Excerpt from The Bees by Laline Paull, plus links to reviews, author biography & more

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The Bees

by Laline Paull

The Bees
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    Readers' Opinion:

     Not Yet Rated
  • First Published:
    May 2014, 352 pages
    Paperback:
    May 2015, 352 pages

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Book Reviewed by:
Lucy Rock

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Print Excerpt

Chapter Two

The priestess walked swiftly through the pale corridors of the Arrivals Hall. Flora followed closely, her brain recording all the sounds and scents as different kin broke free of their emergence chambers. Many more dark sanitation workers moved along the gutters with bundles of soiled wax. Noting their sharp, distinctive odor and how other bees avoided any contact with them, Flora drew closer to Sister Sage and her fragrant wake.

The priestess paused, antennae raised. They had come to the edge of the Arrivals Hall, where the countless rows of emergence cells ended and a large hexagonal doorway led into a smaller chamber. A burst of applause from within carried out a thrilling new odor. Flora looked up at Sister Sage.

"Unfortunate timing," said the priestess. "But I must pay my respects." They went inside, where she put Flora to wait by the wall and then went to the front of a large crowd of bees. Flora watched as once again they burst out clapping, standing around the front of a still-closed emergence cell.

Flora stared around this beautiful room. It was obviously an Arrivals Hall for more favored bees, for it was spaciously arranged around two rows of central cells, each one made of six large and beautifully carved individual compartments. Sister Sage stood in the welcoming committee before one of them, where many bees held platters of pastries and pitchers of nectared water. The delicious smells sharpened Flora's own hunger and thirst.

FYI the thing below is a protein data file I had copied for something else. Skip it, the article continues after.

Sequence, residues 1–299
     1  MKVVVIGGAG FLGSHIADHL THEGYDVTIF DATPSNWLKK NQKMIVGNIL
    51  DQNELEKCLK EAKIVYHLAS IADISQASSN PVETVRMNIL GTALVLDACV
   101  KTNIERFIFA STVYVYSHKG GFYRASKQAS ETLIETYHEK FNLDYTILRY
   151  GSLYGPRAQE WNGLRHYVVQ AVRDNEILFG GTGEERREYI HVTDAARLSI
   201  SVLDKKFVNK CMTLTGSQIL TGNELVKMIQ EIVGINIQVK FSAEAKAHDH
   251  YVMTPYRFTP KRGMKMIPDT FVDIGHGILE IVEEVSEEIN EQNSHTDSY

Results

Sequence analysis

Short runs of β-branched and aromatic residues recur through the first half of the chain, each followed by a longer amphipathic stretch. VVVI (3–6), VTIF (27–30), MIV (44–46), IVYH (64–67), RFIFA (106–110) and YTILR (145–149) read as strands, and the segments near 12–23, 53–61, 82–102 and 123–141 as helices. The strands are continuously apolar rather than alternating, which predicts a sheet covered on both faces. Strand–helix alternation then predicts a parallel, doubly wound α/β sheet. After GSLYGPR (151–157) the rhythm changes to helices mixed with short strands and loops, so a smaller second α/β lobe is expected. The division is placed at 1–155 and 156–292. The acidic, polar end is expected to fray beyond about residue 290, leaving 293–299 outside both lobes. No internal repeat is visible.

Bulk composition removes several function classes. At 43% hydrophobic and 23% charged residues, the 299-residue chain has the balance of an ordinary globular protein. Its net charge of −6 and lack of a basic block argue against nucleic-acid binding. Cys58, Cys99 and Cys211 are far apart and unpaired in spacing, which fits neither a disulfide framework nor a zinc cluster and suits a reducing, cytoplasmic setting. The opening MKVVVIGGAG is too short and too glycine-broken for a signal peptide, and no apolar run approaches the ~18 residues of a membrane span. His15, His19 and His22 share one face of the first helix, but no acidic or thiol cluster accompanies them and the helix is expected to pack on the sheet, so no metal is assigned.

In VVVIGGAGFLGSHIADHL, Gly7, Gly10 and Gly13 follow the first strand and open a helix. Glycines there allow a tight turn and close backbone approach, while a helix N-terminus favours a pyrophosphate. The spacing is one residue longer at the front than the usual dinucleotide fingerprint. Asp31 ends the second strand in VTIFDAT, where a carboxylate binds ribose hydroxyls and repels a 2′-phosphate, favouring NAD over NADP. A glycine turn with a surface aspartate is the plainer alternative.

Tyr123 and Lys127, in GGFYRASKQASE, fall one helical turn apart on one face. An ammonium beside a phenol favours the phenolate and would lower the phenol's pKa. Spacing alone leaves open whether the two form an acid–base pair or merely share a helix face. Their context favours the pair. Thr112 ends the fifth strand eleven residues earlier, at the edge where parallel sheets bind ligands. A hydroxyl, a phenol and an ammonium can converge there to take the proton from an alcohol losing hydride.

Muffled curses and thuds came from within the decorated walls of the compartment, as if the occupant was leaping and jumping. At the sound of breaking wax, the assembled sisters redoubled their applause and their kin—scents flowed stronger with excitement. Flora detected a molecule of a different scent, and her brain knew its pheromone signal: A male— A male arrives—

"Worship to His Maleness!" cried several feminine voices as a carved piece of wax fell out, followed by screams of delight as through the hole came the large, plumed head of a brand- new drone.

"Worship to His Maleness!" the sisters cheered again, and they rushed to help him out, pulling the wax free themselves and making a staircase of their bodies.

"Quite high," he said as he walked down on top of them. "And quite tiring."

He puffed his dronely scent around himself and roused more sighs and applause.

"Welcome and worship to His Maleness." Sister Sage curtsied low. As all the other bees graciously did the same, Flora stared in admiration and tried to copy the movement. "Honor to our hive," said Sister Sage as she rose.

"Too kind." But his smile had charm, and all the sisters returned it, gazing at him avidly. He was rumpled but elegant, and very concerned with the exact set of his neck ruff . When he had finally arranged it to his liking he bowed with a great flourish. Then, to the sisters' fervent applause, he showed himself off from many angles, stretching out his legs in pairs, puffing his plume, and even treating them to a sudden roar of his engine. They screamed in delight and fanned each other, and some scrambled to offer him pastries and water.

Flora watched him eat and drink, her own mouth dry and her hunger keen.

"Greed is a sin, 717." Sister Sage was beside her again. "Take care."

She walked on, and before Flora could look again at the drone, her antennae tugged sharply from the line of scent the priestess had attached without her knowledge. She ran to catch up.


As she followed, the vibrations in the comb floor became more insistent, stronger and stronger, as if it were a living thing beneath her, energy running in all directions. With a buzzing sensation through all her six feet, a torrent of information rushed up into her body and her brain. Overwhelmed, Flora stopped in the middle of a large lobby. Under her feet spread a vast mosaic of hexagonal floor tiles, the patterns scrolling across the lobby and down the corridors. Endless streams of bees crisscrossed all around them, and the air was thick with scent broadcasting.

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From The Bees by Laline Paull. Copyright 2014 Laline Paull. Excerpted by permission of Ecco, an imprint of HarperCollins Publishers.

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